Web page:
Within the field of neuroscience, it is assumed that the central nervous system is divided into two functionally distinct components: the brain, which does the cognizing, and the spinal cord, which is a conduit of information enabling the brain to do its job. We dub this the “Cinderella view” of the spinal cord. Here, we suggest it should be abandoned. Marshalling recent empirical findings, we claim that the spinal cord is best conceived as an intrabodily cognitive extension: a piece of biological circuitry that, together with the brain, constitutes our cognitive engine. To do so, after a brief introduction to the anatomy of the spinal cord, we briefly present a number of empirical studies highlighting the role played by the spinal cord in cognitive processing. Having so done, we claim that the spinal cord satisfies two popular and often endorsed criteria used to adjudicate cases of cognitive extension; namely the parity principle and the so-called “trust and glue” criteria. This, we argue, is sufficient to vindicate the role of the spinal cord as an intrabodily mental extension. We then steel our case considering a sizable number of prominent anti-extension arguments, showing that none of them poses a serious threat to our main claim. We then conclude the essay, spelling out a number of far-from trivial implications of our view.

Retiring the “Cinderella view”: the spinal cord as an intrabodily cognitive extension

Marco Facchin
;
2021

Abstract

Within the field of neuroscience, it is assumed that the central nervous system is divided into two functionally distinct components: the brain, which does the cognizing, and the spinal cord, which is a conduit of information enabling the brain to do its job. We dub this the “Cinderella view” of the spinal cord. Here, we suggest it should be abandoned. Marshalling recent empirical findings, we claim that the spinal cord is best conceived as an intrabodily cognitive extension: a piece of biological circuitry that, together with the brain, constitutes our cognitive engine. To do so, after a brief introduction to the anatomy of the spinal cord, we briefly present a number of empirical studies highlighting the role played by the spinal cord in cognitive processing. Having so done, we claim that the spinal cord satisfies two popular and often endorsed criteria used to adjudicate cases of cognitive extension; namely the parity principle and the so-called “trust and glue” criteria. This, we argue, is sufficient to vindicate the role of the spinal cord as an intrabodily mental extension. We then steel our case considering a sizable number of prominent anti-extension arguments, showing that none of them poses a serious threat to our main claim. We then conclude the essay, spelling out a number of far-from trivial implications of our view.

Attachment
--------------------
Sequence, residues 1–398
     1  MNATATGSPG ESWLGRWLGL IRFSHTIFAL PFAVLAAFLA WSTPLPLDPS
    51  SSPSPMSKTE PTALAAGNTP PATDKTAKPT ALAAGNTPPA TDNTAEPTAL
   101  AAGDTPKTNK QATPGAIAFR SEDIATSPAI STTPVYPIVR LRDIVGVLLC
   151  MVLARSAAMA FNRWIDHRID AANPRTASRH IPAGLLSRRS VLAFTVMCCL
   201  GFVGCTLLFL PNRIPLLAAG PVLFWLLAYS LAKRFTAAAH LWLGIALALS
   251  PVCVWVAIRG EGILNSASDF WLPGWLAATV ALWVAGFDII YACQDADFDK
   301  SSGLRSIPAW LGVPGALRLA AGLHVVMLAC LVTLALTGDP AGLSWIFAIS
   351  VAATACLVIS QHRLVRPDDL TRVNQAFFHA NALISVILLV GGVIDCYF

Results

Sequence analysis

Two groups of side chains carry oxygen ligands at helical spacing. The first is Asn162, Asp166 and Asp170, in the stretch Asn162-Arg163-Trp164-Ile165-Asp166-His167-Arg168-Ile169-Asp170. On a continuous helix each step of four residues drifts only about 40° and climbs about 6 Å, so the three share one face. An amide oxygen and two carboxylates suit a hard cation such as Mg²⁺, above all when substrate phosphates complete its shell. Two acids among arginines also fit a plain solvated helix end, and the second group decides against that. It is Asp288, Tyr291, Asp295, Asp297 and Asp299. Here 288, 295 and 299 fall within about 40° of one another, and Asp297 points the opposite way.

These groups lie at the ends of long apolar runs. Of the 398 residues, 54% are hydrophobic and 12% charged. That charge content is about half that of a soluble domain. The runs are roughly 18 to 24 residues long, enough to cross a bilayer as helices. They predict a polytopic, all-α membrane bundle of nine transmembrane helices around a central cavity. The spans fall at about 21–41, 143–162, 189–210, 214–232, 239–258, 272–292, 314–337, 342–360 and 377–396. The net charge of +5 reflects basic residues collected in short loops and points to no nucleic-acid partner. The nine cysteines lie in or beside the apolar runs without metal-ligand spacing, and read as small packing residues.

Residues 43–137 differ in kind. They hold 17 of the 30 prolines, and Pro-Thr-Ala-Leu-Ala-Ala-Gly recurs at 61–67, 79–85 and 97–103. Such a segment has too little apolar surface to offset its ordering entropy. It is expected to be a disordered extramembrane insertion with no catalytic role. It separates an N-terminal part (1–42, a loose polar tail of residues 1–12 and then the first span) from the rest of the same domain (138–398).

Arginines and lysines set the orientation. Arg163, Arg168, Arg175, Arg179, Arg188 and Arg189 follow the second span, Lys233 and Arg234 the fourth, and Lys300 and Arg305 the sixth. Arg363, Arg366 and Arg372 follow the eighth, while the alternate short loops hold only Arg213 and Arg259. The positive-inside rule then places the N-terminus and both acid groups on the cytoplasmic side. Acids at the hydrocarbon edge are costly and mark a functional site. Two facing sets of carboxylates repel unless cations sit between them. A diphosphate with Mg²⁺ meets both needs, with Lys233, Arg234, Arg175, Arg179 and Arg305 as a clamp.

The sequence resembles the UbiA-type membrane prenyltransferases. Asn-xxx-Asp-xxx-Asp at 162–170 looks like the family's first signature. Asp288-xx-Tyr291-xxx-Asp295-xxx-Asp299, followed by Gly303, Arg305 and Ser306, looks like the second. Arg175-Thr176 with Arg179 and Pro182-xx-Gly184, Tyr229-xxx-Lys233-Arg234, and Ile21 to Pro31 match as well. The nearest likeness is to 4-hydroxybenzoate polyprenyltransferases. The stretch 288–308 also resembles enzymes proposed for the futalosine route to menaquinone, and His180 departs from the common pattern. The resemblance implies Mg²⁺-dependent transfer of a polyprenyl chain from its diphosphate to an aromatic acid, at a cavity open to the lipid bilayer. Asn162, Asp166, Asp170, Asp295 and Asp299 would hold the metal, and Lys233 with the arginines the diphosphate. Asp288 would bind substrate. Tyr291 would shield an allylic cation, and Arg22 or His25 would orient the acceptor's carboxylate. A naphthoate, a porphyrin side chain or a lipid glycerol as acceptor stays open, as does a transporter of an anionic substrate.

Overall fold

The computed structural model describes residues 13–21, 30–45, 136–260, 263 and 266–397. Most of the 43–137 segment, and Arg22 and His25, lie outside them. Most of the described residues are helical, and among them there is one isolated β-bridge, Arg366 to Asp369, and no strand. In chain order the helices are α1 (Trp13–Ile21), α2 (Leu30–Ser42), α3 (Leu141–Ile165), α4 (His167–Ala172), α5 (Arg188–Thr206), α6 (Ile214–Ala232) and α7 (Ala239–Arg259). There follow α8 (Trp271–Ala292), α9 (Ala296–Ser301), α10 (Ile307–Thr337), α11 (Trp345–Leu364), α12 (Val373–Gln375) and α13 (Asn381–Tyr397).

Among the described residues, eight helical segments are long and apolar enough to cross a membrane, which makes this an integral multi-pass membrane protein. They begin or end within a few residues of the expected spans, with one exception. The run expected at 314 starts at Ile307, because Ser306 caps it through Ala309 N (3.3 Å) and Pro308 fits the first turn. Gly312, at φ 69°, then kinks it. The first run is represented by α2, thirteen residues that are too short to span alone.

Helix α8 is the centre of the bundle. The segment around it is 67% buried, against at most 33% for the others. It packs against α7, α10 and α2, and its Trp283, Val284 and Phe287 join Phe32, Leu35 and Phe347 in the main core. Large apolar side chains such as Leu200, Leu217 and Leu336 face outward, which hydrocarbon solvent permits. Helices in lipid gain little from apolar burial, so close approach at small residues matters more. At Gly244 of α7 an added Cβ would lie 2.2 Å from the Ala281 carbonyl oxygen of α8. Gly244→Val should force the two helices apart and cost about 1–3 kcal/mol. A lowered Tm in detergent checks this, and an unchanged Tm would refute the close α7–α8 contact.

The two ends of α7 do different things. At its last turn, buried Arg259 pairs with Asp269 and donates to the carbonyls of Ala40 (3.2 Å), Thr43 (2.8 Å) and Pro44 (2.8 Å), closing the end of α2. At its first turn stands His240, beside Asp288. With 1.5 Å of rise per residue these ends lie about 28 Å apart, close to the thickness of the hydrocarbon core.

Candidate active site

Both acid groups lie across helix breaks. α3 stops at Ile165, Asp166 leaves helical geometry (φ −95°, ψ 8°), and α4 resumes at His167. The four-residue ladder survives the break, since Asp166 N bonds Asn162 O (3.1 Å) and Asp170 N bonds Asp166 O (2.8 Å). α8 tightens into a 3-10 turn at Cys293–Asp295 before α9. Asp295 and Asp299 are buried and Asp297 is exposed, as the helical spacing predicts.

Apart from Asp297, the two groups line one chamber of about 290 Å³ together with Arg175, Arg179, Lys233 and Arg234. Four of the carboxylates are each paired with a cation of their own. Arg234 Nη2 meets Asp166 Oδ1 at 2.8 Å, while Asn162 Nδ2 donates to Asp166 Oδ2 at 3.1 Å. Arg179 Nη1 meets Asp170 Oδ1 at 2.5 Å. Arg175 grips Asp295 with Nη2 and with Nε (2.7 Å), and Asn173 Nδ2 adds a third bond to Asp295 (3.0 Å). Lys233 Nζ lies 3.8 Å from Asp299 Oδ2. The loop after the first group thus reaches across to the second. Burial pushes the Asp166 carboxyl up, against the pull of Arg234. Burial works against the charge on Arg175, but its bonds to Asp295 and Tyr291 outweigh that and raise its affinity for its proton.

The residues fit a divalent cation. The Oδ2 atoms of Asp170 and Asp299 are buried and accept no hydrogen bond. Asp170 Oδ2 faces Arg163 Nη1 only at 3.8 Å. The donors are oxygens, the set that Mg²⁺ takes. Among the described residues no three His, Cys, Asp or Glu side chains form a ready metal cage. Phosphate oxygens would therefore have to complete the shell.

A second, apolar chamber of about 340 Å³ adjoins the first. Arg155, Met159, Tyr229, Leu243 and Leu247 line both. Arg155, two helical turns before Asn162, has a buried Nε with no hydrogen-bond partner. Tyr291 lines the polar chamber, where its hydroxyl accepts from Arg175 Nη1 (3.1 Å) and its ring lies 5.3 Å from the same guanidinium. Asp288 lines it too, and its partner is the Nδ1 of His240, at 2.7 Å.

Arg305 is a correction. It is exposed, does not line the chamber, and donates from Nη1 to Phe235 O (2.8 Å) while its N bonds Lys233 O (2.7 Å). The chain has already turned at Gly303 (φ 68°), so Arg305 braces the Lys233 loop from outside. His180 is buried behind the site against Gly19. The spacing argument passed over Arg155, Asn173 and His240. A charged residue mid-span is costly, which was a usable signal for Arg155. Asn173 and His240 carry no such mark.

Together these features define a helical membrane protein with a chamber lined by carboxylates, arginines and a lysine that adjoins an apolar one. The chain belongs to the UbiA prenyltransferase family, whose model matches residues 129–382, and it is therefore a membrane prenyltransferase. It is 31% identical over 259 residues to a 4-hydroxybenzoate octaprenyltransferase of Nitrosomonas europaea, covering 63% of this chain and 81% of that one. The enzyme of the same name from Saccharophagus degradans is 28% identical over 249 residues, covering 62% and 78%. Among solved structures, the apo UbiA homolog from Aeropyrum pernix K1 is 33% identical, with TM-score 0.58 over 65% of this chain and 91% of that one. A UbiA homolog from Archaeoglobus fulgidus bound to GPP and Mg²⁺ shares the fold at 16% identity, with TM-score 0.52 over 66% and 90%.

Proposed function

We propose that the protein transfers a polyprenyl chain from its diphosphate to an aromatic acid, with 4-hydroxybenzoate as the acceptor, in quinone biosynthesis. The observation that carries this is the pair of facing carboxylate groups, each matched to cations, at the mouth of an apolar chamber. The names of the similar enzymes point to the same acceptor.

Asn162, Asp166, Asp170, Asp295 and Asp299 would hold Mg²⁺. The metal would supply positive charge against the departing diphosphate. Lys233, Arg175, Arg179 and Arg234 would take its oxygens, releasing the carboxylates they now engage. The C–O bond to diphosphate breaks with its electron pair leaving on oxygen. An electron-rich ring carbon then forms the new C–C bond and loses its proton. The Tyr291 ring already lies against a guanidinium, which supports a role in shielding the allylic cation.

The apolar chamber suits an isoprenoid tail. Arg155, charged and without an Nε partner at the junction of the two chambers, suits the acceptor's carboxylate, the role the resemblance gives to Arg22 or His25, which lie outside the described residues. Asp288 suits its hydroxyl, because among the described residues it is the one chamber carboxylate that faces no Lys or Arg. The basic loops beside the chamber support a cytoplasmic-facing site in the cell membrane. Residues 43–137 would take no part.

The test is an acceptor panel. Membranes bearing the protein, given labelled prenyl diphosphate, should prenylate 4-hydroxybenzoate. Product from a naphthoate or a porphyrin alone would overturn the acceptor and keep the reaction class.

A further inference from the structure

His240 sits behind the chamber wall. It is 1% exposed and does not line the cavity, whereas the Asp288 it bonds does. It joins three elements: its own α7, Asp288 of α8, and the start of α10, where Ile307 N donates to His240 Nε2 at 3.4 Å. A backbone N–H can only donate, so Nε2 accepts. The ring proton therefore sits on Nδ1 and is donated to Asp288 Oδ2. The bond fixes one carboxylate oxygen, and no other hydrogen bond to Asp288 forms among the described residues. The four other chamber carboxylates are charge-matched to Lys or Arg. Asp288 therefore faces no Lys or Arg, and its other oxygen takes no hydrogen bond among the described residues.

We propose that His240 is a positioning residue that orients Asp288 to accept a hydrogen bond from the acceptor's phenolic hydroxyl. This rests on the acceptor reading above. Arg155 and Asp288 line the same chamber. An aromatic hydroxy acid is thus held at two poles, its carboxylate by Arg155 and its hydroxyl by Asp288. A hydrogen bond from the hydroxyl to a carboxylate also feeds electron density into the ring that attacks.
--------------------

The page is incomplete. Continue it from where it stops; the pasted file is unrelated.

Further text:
Spinal cord; Spinal cord injury; sfMRI; Extended mind; Embodied cognition; Intrnalism
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Utilizza questo identificativo per citare o creare un link a questo documento: https://hdl.handle.net/20.500.12076/10535
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